In the context of the IGY, Beelitz (1958) compiled the information on current and planned operational corrections. This compilation of Beelitz is useful to determine in what countries and for which radiosondes corrections have been applied, and it can be found in our database. Many countries started operational corrections of the soundings only after the IGY of 1957/58.

2.3 History of station networks

In order to relate error estimates derived from intercomparisons or error assessments to the operationally used radiosondes by weather services, it is important to know the changes a station network underwent and to be able to identify radiosondes properly. This is especially relevant regarding the missing international standards of early radio soundings. A range of radiosonde manufacturers has existed since the early 1930s that used different sensor types or radiation shielding or applied different corrections to the data, which often led to difficulties when comparing soundings that had been conducted in different countries (Painter, 1950).

A station history of a network needs to include instrumentation changes, applied corrections, launching procedures, and also information on transmission systems. An attempt to provide a comprehensive summary of radiosondes and station histories from different countries has been made by Gaffen (1993). By contacting a vast amount of weather services, she established a document of historical changes in radiosonde instruments and practices for 49 countries covering the period between the 1930s and 1990s. The summary reports on the radiosondes used in the 1990s, as well as previously used radiosondes. Further, it lists a large amount of radiosondes including their sensor types of temperature, pressure, and humidity measurements and applied corrections.

https://essd.copernicus.org/articles/13/2471/2021/essd-13-2471-2021-f01

Figure 1Three types of Vaisala radiosondes. Left: the Vaisala RS11 was introduced in 1937 and won a gold medal in the world fair at Paris (vaisala.com). Middle: Vaisala RS21 from 1971 (https://radiosondemuseum.org, last access: 21 December 2020). Right: Vaisala RS80-N from 1981 with its original packaging (https://radiosondemuseum.org, last access: 21 December 2020). All three radiosondes have been used in the intercomparison campaigns in our collection. They correspond to comp002fin (left), comp009van (middle), and comp009v80 (right). Note that the introduction dates may vary because of slight modifications of the instruments.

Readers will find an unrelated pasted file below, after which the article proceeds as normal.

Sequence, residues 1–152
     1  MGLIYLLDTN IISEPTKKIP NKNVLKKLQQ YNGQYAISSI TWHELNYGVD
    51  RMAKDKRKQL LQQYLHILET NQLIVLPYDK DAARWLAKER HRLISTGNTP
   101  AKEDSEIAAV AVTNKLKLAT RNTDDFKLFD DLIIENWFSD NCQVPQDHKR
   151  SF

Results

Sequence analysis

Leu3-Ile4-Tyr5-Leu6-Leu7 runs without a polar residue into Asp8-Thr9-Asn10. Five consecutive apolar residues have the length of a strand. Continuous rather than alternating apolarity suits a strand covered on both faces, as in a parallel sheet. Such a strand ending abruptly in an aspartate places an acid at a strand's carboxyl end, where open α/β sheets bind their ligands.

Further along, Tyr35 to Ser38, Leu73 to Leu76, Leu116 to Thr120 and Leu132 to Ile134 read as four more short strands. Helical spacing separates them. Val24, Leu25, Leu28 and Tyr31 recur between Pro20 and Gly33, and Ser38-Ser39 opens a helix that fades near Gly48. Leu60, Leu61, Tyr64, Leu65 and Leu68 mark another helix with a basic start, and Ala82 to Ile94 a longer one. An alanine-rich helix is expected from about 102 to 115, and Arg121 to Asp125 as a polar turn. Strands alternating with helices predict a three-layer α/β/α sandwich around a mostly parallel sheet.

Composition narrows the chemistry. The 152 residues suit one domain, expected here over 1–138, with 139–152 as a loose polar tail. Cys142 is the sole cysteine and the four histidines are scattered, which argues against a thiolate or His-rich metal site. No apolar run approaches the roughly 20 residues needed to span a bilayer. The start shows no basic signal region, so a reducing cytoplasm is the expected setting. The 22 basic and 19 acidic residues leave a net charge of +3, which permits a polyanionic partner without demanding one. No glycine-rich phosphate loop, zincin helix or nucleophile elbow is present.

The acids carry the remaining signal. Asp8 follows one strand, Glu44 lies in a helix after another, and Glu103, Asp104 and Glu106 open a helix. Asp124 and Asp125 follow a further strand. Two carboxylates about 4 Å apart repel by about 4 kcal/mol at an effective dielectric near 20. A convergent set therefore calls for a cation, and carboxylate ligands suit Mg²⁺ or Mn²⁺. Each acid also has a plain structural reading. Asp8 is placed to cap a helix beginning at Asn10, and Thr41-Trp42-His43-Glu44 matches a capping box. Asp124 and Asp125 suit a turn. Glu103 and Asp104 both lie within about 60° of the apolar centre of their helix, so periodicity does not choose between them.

WMO established a table of common codes for radiosondes, but prior to the 1960s radiosonde descriptions are equivocal and their coverage is by no means exhaustive (WMO, 2019). A comprehensive list including radiosondes from the very early days of aerology (e.g., the British Biram's anemometer suspended from a kite in 1883) up to 2014 has been compiled by Steven Schröder from the Texas A&M University (personal communication). This inventory covers even small instrumentation changes or changes in transmission frequencies. It relates each radiosonde to a unique reference identifications and where possible to the codes established by WMO. For example, for the Vaisala radiosondes, more than 200 different radiosonde types are found in the collection including the earliest radiosonde developed in 1931. Figure 1 shows three different Vaisala radiosondes from 1937, 1971, and 1981 that are part of Schröder's list, as well as our database. It is also worth mentioning the radiosonde collection from an association devoted to finding radiosondes in Europe. Their website offers a detailed though not very systematic description of sensors of very old to more recent radiosondes including pictures of the radiosondes (http://radiosonde.eu/RS03/RS03A01.html last access: 17 September 2020).